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Education World: Leading Education Groups Develop Principles to Guide Equitable School Funding Formula

Five education groups from Connecticut have united to release a guidance containing six principles intended to help the state’s legislators implement a fair funding formula for the benefit of all public school students living in the state.

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New Haven Register: Education advocacy groups in New Haven outline ideal ‘core principles’ of future funding formula

For years, representatives of the Connecticut Association of Boards of Education, the Connecticut Coalition for Achievement Now, the Connecticut Association of Public School Superintendents, the Connecticut Association of Schools and the Connecticut Council for Education Reform have said the state’s funding of education is inequitable, an assertion supported by the recent ruling of Superior Court Judge Thomas Moukawsher in CCJEF v. Rell.

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CT Post: Education Coalition suggests funding principles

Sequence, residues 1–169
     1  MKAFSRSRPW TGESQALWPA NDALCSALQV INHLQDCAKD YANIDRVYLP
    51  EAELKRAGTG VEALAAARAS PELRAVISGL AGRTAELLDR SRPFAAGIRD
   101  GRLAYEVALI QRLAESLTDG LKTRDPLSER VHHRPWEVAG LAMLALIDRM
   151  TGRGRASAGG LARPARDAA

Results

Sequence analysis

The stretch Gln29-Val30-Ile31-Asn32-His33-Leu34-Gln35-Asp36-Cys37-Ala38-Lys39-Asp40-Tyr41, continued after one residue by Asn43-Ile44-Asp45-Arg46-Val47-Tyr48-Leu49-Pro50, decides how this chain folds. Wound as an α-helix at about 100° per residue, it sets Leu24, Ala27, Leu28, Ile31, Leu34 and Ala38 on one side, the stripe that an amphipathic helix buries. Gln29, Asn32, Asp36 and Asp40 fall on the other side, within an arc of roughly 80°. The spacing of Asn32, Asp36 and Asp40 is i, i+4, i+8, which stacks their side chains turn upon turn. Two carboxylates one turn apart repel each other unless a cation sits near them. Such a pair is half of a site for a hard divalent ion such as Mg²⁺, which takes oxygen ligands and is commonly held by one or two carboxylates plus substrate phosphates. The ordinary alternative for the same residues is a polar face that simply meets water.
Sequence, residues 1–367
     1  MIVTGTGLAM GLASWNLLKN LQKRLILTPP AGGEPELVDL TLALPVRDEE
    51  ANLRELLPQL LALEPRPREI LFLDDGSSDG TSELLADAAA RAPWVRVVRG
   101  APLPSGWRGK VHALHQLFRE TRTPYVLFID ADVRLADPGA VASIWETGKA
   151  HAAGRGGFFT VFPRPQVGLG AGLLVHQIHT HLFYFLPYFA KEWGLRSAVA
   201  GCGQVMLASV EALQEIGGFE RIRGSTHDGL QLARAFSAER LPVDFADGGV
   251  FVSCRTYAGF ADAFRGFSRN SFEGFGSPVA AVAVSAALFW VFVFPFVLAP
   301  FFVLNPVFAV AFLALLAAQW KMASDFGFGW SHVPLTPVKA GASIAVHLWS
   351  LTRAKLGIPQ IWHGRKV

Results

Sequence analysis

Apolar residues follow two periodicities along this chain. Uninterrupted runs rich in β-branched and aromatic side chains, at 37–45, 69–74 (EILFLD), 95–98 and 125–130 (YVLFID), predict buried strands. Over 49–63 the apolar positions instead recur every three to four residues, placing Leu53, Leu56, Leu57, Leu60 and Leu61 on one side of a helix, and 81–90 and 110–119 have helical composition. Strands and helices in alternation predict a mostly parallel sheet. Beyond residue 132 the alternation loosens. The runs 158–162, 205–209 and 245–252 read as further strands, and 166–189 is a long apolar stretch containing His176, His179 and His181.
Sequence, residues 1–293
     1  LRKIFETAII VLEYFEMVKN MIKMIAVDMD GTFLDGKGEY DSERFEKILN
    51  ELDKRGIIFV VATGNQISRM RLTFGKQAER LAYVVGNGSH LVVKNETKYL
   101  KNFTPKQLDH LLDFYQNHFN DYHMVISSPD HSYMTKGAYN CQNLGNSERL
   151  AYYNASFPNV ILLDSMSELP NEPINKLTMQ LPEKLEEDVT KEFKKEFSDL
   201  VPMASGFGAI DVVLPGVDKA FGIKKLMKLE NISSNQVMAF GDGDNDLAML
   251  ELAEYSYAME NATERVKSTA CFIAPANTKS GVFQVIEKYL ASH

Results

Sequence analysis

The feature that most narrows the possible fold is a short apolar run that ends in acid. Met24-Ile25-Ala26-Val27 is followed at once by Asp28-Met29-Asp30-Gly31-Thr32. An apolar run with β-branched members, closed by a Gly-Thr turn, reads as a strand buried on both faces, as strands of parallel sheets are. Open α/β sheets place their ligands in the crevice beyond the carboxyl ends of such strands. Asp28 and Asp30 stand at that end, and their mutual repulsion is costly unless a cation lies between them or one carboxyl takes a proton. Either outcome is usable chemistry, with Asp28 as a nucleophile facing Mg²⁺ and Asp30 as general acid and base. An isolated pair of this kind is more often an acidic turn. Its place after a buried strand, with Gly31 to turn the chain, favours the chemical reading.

An unlikely coalition of traditional and pro-choice education groups have banded together to pitch guidelines on how the state should revamp its school funding system.

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Education Connecticut: Gearing Up for Important School Funding Battle; Education Groups Weigh in on School Formula

The five organizations involved, include; the Connecticut Association of Boards of Education (CABE), the Connecticut Association of Public School Superintendents (CAPSS), the Connecticut Association of Schools (CAS), the Connecticut Coalition for Achievement Now (ConnCAN), and the Connecticut Council for Education Reform (CCER).

The group of organizations emphasized that they weren’t proposing a specific formula, instead, today, they released a joint statement offering six guiding core principles they hope lawmakers should use as a roadmap for developing a new funding system…

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CT Viewpoints: Mastery exam task force report due soon — its findings ‘predetermined’

By John Bestor

The Mastery Examination Task Force was comprised of four members from the State Department of Education including the Commissioner herself as chair, two representatives from the State Board of Education, two from the Connecticut Association of Boards of Education, two from the CT Association of Public School Superintendents, two from the CT Association of Schools (which oversees The Principal’s Center), three from the CT Parent Teacher Association, and two chosen at-large by the Commissioner: the Executive Director of the CT Council for Education Reform and a Southern Connecticut State University professor with a math/technology background. Another appointed education leader who joined the task force after it had started represented the State Board of Regents for Higher Education. And, four representatives from the two professional teacher organizations were included on the task force.